Call it nu-jazz. Call it nu-soul. Call it Phusion. Regardless, DJ and New Sector Movements mainman IG Culture’s second NSM album Turn It Up, is a decidedly mixed affair. But if its genre-mapping you’re looking for, then you may as well throw-in smidgens of contemporary Jamaican dancehall, refractions of Tech-House, and the shards of broken beats that IG Culture has used since forming Dodge City Productions back in the mid ’90s.
Turn It Up is indeed, as we reviewers like to say, eclectic, but troof to tell, it’s primarily electric. Yup, for the most part, Turn It Up may focus on letting soul music’s traditional instrument – the voice – breathe and flex, but make no mistake, this is a producer’s album. The b-lines brook no fussy organic wobbling. The beats are compressed and clean, the synth strings tidy and economic.
It ain’t all smoothness however, and that’s where Turn It Up becomes forced and stretched. Heat It Up wants to get sweaty, low-down and dirrty, but the ultimate effect is juvenile-raunch when propped up against the adult doses of consciousness sweet-soul that characterises much of this set. Big It Up’s dancehall call to self-belief may be genuine, but it sounds as though it belongs to another project entirely. IG Culture’s West London heritage may be a veritable melting pot, but this album works best when the contemplative sensibility is allowed to be continuous.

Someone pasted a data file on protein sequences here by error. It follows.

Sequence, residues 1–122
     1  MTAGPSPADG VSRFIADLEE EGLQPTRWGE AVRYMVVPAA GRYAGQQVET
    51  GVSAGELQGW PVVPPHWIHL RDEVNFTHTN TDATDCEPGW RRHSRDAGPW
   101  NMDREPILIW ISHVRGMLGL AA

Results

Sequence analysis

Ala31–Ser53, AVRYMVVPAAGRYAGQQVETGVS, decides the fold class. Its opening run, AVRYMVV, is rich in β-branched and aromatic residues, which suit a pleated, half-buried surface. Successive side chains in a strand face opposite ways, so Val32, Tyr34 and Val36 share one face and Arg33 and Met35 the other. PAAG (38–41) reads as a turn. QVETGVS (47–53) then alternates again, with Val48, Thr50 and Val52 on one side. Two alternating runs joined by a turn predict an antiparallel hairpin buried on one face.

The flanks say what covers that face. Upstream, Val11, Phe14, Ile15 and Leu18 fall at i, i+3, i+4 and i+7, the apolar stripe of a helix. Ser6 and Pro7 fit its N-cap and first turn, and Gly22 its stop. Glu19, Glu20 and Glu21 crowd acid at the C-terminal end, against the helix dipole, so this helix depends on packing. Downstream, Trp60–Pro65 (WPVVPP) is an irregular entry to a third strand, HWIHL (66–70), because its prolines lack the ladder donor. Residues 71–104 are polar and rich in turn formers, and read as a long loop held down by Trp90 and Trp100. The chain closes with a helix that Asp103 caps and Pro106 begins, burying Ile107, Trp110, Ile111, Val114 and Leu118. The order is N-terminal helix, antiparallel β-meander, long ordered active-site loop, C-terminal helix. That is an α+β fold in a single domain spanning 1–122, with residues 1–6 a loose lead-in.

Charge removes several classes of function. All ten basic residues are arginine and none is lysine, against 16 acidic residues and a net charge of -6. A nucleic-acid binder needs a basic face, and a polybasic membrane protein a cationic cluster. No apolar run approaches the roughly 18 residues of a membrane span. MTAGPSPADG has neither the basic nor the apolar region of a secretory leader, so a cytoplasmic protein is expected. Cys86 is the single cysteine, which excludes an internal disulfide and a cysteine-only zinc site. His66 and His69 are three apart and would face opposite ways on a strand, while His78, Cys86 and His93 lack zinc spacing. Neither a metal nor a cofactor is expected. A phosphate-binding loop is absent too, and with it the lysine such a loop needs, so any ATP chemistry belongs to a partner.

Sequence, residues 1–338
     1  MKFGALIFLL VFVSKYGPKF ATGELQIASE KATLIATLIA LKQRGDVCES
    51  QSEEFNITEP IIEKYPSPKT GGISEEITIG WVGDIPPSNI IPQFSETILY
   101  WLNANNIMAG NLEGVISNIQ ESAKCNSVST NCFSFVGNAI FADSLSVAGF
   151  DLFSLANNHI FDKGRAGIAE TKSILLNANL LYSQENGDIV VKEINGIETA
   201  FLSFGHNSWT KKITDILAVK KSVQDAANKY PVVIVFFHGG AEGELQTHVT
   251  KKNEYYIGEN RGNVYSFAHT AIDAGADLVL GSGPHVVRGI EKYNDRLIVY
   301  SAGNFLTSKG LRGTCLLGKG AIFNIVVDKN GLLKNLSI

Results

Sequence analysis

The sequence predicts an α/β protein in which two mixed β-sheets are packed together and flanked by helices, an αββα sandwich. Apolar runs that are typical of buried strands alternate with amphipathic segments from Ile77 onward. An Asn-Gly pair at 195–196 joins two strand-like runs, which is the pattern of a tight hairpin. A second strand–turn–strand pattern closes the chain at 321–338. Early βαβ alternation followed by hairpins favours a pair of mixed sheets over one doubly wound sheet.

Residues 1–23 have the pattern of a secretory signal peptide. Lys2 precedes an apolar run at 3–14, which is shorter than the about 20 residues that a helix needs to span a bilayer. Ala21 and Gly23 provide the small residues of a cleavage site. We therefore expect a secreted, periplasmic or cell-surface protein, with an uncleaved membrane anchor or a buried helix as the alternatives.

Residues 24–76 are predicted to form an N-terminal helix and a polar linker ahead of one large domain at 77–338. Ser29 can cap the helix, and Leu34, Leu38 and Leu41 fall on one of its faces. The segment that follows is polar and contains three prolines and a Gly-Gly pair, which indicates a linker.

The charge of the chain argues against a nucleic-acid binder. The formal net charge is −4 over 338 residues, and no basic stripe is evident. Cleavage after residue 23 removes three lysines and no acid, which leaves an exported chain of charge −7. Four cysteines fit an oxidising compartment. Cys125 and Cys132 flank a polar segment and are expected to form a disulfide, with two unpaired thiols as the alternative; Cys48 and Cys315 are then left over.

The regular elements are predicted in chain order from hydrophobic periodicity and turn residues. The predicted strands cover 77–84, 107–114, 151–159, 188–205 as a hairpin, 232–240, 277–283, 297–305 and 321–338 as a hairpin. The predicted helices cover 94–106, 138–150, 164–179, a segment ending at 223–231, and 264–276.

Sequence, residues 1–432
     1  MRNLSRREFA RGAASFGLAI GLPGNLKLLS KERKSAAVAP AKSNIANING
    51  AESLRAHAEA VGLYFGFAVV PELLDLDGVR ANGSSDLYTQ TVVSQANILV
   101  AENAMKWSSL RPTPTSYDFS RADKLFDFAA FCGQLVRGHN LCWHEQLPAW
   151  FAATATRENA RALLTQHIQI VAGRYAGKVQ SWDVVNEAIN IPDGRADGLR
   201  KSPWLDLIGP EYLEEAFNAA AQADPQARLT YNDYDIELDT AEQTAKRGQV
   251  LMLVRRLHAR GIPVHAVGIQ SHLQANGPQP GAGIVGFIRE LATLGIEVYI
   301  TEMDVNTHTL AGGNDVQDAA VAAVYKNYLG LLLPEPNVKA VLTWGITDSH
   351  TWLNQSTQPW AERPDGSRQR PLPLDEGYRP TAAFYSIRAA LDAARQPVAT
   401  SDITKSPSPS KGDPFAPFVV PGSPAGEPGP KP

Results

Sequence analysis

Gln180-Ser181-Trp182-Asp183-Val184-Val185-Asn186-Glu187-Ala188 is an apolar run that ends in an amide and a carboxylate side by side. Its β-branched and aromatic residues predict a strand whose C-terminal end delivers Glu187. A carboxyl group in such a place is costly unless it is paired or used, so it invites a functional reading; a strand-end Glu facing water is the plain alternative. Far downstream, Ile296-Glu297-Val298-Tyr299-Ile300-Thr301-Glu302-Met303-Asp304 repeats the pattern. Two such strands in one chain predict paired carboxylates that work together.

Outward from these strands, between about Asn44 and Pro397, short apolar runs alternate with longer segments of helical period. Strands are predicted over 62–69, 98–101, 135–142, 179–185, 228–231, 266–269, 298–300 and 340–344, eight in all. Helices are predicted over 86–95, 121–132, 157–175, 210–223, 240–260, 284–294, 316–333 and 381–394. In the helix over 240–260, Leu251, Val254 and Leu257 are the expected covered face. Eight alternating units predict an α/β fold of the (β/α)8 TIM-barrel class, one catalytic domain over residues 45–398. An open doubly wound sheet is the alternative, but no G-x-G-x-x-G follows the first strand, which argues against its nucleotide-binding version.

Naturally, there’s more than enough room for inspired experimentation. Digital Age is a funny, freaky piece of phuture phetishism with more than a nod in the direction of The Artist Who Is Now A Jehovah’s Witness. Tha Fame is a cheeky-chappy meditation on the theme of poor-old-successful-me, that works, while the announcer-system intro to Trying Times presage the album’s only multi-part male harmonies. Indeed, much of the record echoes Maurice Fulton‘s Ladyvipb project, looking to define a Techno that is more narrative than abstract.
Best, for those looking for choice cuts, are Soon Come and Love, Speed, Movement. Soon Come’s simple repeated phrases negotiate colour and space amongst the most pliable of the Big IG’s beats. Love, Speed, Movement evokes perfectly a mind-state that every frazzled clubber can identify with. That of flagging down an unlicensed minicab, folding-up in the back seat while said faux-cabbie has tuned in to the most tasteful of late-nite pirate radio stations. Of course, musicOMH does not recommend the hailing of such chancers, particularly as your illegal driver won’t have a clue where you live. But if there’s a better line to hear (or so beautifully sung) at 4 in the morning than, “You tap into my mind / With all your frequencies”, then your humble reviewer has yet to hear it.
Turn It Up is no smoove ride from start to finish. At times, it may jitter, it may provoke. Once or twice, it may give cause for you to pre-program the running order (unless you’re still stuck with your 1989 midi-system). But by turns, Turn It Up sweetens, amuses, and innovates.